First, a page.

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When Ha Menghe came home, everyone was dead. On a little television screen hung above a reconstruction of his house in Nanjing, the bearded old man recalls how as a young boy in 1937 he found the bodies of several relatives and a tenant family shot, raped or stabbed by invading Japanese soldiers during their occupation of what was then the Chinese capital.
The exhibit at the city's memorial to those killed in the Nanjing massacre by Japanese forces vividly illustrates the sore at the heart of relations between China and Japan.
Memories of the Japanese invasion and the cruelty of Japanese troops, kept alive by decades of nationalist propaganda by China's ruling Communist party, have fostered deep-rooted antipathy towards Japan among Chinese people.
The latest escalation in the dispute between the two countries over the Senkaku Islands, a tiny archipelago controlled by Japan but also claimed by China, which calls it Diaoyu Islands, risks sparking another outbreak of anti-Japanese sentiment.
In August, thousands took to the streets in more than a dozen Chinese cities to vent their anger, with some protesters vandalising Japanese-made cars.
Anger at Japan has flared on Chinese internet forums and social media. "Finish the little Japanese off!!!" demanded a commentator on the Strong Nation Forum, a nationalist site run by the People's Daily, the Communist party's mouthpiece.
And yet a growing number of young Chinese appear increasingly open to normal or even friendly relations with their neighbour.
Most of the visitors at the Nanjing massacre memorial are young people, often groups of university students or young families. They appear curious about history and shaken by testimony of atrocities, but also ready to embrace the message of peace and friendship the museum tries to convey.
"I don't have any hard feelings towards Japan," says Han Zhong, a 31-year-old man from the northern Chinese province of Shaanxi who was visiting the Nanjing massacre memorial with his wife and in-laws. "We are visiting because this is part of our history. Something like this will never happen again because China is rising now."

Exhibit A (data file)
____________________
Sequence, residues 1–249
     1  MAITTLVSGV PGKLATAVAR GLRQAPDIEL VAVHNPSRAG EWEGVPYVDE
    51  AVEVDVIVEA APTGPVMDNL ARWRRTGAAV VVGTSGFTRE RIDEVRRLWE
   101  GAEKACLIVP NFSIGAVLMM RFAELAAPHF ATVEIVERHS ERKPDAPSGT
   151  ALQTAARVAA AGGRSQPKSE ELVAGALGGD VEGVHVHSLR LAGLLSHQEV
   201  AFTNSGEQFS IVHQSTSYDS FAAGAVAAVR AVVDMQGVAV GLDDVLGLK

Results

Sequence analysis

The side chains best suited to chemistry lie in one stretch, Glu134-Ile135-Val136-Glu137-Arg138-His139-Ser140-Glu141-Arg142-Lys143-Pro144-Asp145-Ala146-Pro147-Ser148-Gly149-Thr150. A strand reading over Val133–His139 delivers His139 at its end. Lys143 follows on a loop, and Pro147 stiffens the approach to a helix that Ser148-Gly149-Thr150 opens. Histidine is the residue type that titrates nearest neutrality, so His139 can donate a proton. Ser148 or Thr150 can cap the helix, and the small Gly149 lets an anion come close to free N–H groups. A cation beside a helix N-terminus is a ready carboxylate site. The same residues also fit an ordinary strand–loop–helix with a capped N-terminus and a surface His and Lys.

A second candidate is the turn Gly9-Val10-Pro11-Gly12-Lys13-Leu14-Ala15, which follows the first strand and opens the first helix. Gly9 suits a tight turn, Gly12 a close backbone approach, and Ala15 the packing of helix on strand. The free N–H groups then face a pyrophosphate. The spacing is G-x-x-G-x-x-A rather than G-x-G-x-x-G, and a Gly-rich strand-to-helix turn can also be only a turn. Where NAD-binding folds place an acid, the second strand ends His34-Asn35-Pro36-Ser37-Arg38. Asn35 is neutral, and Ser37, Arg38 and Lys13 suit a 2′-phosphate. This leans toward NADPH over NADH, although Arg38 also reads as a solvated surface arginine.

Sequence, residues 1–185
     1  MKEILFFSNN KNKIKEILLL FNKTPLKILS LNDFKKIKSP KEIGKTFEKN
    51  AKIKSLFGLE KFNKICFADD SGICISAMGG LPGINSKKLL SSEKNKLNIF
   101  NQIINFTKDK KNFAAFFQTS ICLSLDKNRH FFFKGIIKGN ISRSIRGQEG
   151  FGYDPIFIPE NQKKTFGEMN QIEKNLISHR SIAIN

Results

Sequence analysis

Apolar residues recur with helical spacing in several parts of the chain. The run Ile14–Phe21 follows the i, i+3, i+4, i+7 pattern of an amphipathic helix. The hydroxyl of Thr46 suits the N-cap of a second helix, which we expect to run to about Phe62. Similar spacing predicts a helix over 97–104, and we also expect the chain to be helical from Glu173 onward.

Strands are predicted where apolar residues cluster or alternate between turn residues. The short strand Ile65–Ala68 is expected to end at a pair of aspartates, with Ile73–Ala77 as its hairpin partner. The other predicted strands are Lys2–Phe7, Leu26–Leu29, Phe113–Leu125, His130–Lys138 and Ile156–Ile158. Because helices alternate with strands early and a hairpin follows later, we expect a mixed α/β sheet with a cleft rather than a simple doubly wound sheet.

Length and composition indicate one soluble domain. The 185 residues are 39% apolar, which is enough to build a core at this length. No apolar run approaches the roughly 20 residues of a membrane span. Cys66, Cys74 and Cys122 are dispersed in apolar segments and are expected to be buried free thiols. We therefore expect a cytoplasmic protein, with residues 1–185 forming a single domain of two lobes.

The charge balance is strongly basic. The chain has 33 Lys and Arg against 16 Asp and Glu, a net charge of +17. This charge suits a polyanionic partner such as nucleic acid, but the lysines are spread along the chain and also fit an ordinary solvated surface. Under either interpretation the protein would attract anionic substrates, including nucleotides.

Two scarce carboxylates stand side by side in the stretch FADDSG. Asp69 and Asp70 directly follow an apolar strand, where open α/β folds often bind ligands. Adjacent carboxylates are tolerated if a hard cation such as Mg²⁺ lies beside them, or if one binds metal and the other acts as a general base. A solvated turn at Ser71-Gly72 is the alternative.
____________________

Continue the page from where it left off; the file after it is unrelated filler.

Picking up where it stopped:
To some extent, Chinese scholars say the more thoughtful attitude is a result of efforts by the two countries' governments to build a more constructive relationship. China's Communist party government, which draws some of its legitimacy to rule from the fact that it helped defeat Japan and liberate China, has supported initiatives for cultural exchanges and visits. But the shift is also down to a more international perspective among young Chinese.
"Anti-Japanese sentiment is not very strong, especially among young people in China compared with 20 years ago when memories from the war were still pretty fresh," says Zhou Weihong, a professor on Japanese studies at Beijing Foreign Studies University. "The reason is that more people in China get higher education and they get in touch with foreign countries, thus they understand more of international affairs. People are more rational now."
Scholars also say that although Chinese textbooks still vilify Japan, such descriptions have little resonance with ordinary people. Japanese is the second-most learned foreign language in China.
Kelly He, a student from Shanghai, fell silent at the sight of the memorial's display of human bones taken from mass graves after the city's fall. "This is truly terrible," she says. "But the terrible thing about it is not that Japanese killed Chinese but that human beings killed human beings."